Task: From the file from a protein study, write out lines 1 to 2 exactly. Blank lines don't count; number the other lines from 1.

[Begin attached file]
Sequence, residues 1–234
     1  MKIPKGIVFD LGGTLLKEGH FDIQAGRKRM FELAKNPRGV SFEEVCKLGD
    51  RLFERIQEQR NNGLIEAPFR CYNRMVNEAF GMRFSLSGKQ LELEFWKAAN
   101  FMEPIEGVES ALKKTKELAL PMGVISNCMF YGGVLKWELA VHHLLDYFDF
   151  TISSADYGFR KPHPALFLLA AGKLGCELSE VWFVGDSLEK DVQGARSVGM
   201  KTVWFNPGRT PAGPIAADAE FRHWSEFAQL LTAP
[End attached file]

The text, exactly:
Sequence, residues 1–234
     1  MKIPKGIVFD LGGTLLKEGH FDIQAGRKRM FELAKNPRGV SFEEVCKLGD